Wednesday, May 4, 2016

My Recent Paper on Linoleic Acid in Adipose Tissue

Linoleic acid (LA) is the predominant polyunsaturated fat in the human diet, and it's most concentrated in seed oils such as corn oil.  LA accumulates in fat tissue, and as with many of the nutrients we eat, it is biologically active.  In a new paper, we systematically review the studies that have measured the LA concentration of fat tissue in US adults over time.  We show that the LA concentration of fat tissue has increased by approximately 136 percent over the last half century.

Susan Carlson, PhD
In 2011, I posted a graph on my blog in which I summarized some of the studies that have measured the LA content of fat tissue in US adults over time (1).  It showed a remarkably consistent upward trend.  Last year, a University of Kansas nutrition researcher named Susan Carlson contacted me and asked if I had published my findings in a scientific journal, because she wanted to cite the trend in one of her papers.  I said I hadn't published them, but that I would love to do so together.

I knew my graph captured an important trend, but to publish the finding in a scientific journal, I’d have to do a much more rigorous analysis of the literature.  So I performed a systematic literature search for all studies that have measured the LA content of body fat in US adults.  Together, Susan and I molded my findings into a compelling paper and published it in a good journal, Advances in Nutrition (2).

We identified 37 studies that met our criteria, the first published in 1960 and the last in 2010.  The key finding is that there was a substantial and consistent upward trend in the LA content of body fat over this period (R2 = 0.83; p = less than 0.001).  You can see it, with trend line added, below:

To determine how these changes relate to our diet, we obtained data on LA intake over time in the US, generously provided by National Institutes of Health researcher Joe Hibbeln (3).  As expected, there is a strong correlation between the LA we eat and the LA in our fat tissue (R2 = 0.81; p = less than 0.001).  This has been shown in controlled fat modification trials and cross-sectional studies, but to our knowledge it has never been confirmed using population-level data of people eating typical diets that change over decades.

This change in the composition of our fat tissue is primarily due to our greatly increased intake of seed oils, especially soybean oil, but also corn, sunflower, safflower, cottonseed, and peanut oil (4).  Our total added fat intake has increased over the last half-century, and the types of added fats we use (including in processed food and restaurants) have shifted from animal fats like butter and lard to seed oils.  I've illustrated that in the graph below*:

This adds up to a much higher total LA intake than the historical norm for the US and most of Western Europe.  In fact, the current LA content of fat tissue in Europe is still quite a bit lower than it is in the US—it’s about where the US was in 1970 (5, 6, 7).  This may reflect a less processed/industrialized diet.

In our paper, we deliberately remain neutral on whether this trend is harmful or beneficial.  We want our paper to be a resource for the scientific community that anyone can cite comfortably, regardless of how they feel about LA.

*USDA Economic Research Service data, roughly corrected for waste at a rate of 28.8%, and an artifact in 2000.


Anonymous said...

"In our paper, we deliberately remain neutral on whether this trend is harmful or beneficial."

Fine for the paper, but this is a blog! :)

I know your views have evolved over time. Where are you now on LA?

Unknown said...

My guess is that your LA graph would mirror the incidence of diabetes, heart disease, -insert pathology here- over the same time frame.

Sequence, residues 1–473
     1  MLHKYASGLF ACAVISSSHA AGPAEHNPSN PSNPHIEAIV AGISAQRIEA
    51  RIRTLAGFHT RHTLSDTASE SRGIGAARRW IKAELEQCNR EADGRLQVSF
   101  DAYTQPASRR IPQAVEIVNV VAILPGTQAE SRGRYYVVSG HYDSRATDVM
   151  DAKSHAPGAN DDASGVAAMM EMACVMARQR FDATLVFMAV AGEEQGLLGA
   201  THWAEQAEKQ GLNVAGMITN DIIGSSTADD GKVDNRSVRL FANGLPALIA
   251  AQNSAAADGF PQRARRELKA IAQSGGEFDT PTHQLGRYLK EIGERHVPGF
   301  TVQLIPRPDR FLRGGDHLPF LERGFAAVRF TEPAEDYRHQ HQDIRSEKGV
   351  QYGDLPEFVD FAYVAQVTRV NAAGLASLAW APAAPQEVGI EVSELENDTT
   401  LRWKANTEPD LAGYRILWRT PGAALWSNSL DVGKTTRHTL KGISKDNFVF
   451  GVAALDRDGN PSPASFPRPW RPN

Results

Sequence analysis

Gretchen said...

Congrats on the new paper!

thhq said...

Interesting and congratulations on publishing. The inexorable rise in fat consumption is sad, more from the standpont of obesity than from the chemistry of the fat.

It is unclear to me what unsaturated fat would do in visceral deposits. They are prone to oxidation, if there are oxidants available to react with them. In the open air they crosslink and polymerize into a sticky mess. Stored in the dark in closed vessels they have very long shelf life.

Sergio said...

Very nice!!

It reminds me of Charles Poliquin: he claims to be able to tell if someone eats trans fats just by measuring body fat %age with calipers: "Trans fats are another huge factor in how pliable your tissue is, because trans fats make your body fat hard." Not sure if he really can tell :), does large %ages of LA make body fat soft?

What would the natural/ancestral LA content be in human fat tissue? Are there studies in wild animals?
Nutrition fact website tells me:
- venison 3.2%
- grass fed ground beef 3.3%
- mackerel 2%
- bacon 9.5% (not natural)
So we may guess something like 2%-4% for ancestral humans? If so, already in the 60's it was very high in the US.

Coach David Ertl said...

Thanks for posting this. It is something I've wondered about. Increased added polyunsaturated oils has been one of the changes that has occurred to our diets over the past century, along with increased sugar, refined carbohydrate and trans fat. It will be interesting to learn if this affects health. Do you have similar data on trans fat accumulation in body fat? I would suspect that is going to start to show a downward trend now.

Unknown said...

Great work! This fills an important gap in validated nutrition facts.

karl said...

This is an important paper. The increase in consumption of PUFA is an uncontrolled experiment( recommended by the medical community without testing with proper end-points and long term (there is a claim of a 600-day-half life - the long half-life causes a disconnect between cause and effect. ) ) .

I think high PUFA diets are likely behind the obesity epidemic. Now that the cholesterol theory is dead (or in permanent coma) the idea of eating concentrated PUFAs and particulary 18:2 o-6 LA(Linoleic Acid) - or varnish is particularly troubling to me. The cholesterol mantra was brought to us by Keys - the guy with the '7 out of 22 country study' and bad multivariate analysis and withheld data. BMJ - Nina Teicholz

There has been a lot of focus on the LA -> AA pathway and the potential to create inflammatory products. That tack is extremely complex to come to solid conclusions. It has distracted from other pathways and effects that might matter more. ( other effects include producing inappropriate insulin sensitivity, blocking T3 in the liver, 4-hydroxynonenal (HNE))